I know that Steve Keim feels like drafting Isaiah Simmons was a no-brainer, but in some ways it was the ultimate risk. “Un-boxed” players - those who don’t fit into a nicely wrapped positional package - are the ultimate test of organizational fortitude. You better have a plan, or you’ll be exposed.
Just ask the Dolphins, who traded Minkah Fitzpatrick, only to watch him flourish with the Steelers - with their history of carving out roles for unique talents like Troy Polamalu, Kordell Stewart and Antwaan Randle El.
Or, you could ask Cardinals general manager Steve Keim, who’s been in search for an un-boxed stud since 2014, when he drafted safety/linebacker hybrid Deone Bucannon in the first round. As that experiment was ending, the Cardinals began a new one, taking “inside/outside” linebacker Haason Reddick in the first round of 2017. Reddick has bounced around positions without much production, and word around the NFL is that the Cardinals would be just fine moving on from him this offseason.
Andy Benoit talked about how important it is to have a defined plan for uncommon skillsets on my show today:
“If you’re gonna take [Simmons}, I think you need to be a proactive defense. You almost need to play defense as if you’re playing offense. I’m curious to see what the plan in place is for that,” Benoit said.
A quick look around the NFL demonstrates Benoit’s point. The Swiss Army Knifes, the un-boxed players, that have thrived in the NFL have done so in organizations with a track record of successful planning. Jamie Collins has thrived with the Patriots, in a role that Deone Bucannon was supposed to thrive in with the Cardinals. Minkah Fitzpatrick went from “ehh” to “holy sh—“ after a midseason trade to Pittsburgh in only his second year. Derwin James exploded onto the scene with the Chargers, playing a role that many in the league feel Isaiah Simmons is destined for.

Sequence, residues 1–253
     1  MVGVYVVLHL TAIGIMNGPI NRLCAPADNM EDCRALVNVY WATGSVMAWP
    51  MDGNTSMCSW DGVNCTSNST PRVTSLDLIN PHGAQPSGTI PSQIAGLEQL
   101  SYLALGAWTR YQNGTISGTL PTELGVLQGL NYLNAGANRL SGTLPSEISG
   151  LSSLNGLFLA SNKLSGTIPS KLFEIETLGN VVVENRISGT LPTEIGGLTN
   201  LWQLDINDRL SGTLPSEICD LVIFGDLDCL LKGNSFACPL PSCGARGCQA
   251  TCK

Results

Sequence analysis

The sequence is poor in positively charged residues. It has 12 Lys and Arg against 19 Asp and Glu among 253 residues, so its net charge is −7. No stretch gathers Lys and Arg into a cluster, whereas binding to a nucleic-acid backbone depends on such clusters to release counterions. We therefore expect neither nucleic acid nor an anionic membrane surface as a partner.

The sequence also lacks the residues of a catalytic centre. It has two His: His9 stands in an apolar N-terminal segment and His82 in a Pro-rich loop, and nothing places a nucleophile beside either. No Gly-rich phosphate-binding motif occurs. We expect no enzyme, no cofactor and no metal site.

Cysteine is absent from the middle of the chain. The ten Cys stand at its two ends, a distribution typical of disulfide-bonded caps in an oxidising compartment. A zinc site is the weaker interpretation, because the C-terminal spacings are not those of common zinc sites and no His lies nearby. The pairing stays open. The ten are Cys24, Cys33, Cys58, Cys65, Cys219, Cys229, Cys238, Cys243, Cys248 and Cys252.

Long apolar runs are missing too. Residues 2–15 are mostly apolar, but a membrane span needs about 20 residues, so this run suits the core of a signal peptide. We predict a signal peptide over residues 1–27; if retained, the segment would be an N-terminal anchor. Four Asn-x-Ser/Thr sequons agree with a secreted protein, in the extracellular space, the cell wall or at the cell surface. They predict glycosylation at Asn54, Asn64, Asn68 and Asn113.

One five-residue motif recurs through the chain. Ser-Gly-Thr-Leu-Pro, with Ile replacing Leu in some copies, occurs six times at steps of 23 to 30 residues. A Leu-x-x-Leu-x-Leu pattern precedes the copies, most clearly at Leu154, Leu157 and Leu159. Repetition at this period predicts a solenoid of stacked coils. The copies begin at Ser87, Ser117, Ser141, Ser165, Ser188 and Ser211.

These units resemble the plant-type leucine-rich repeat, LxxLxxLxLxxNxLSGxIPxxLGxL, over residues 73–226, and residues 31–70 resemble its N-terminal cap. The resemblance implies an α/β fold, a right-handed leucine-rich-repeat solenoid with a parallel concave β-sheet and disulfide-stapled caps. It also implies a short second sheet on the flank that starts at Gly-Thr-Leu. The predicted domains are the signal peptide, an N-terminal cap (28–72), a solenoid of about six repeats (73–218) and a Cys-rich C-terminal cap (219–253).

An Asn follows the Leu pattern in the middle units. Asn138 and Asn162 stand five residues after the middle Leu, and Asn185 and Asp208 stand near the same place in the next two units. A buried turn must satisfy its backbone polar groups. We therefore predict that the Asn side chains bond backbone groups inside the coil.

Spending twenty minutes with reporters on Tuesday, Cardinals defensive coordinator Vance Joseph revealed that Simmons “is going to be a linebacker,” but that the Cardinals “drafted [Simmons] because of what we saw him do at Clemson.” A few minutes later, when asked if what Simmons did at Clemson translates to the NFL, Joseph said “some of it is, some of it’s not.” As far as Simmons playing strong safety? “It’s very possible,” said Joseph, before admitting that “until we touch him, until we gameplan, I can’t guarantee where he’s gonna be.”
Maybe Joseph is just playing his cards close to his chest. Hopefully. Knowing exactly how a player will fit into your organization is paramount, especially when that player comes before the tenth pick in the draft.
Do the Cardinals have a plan, or were they just seduced by a guy whose physical potential is unmatched in the NFL? We’ll see. In the meantime, I’d be on the phone with Clemson defensive coordinator Brent Venables if I were Vance Joseph.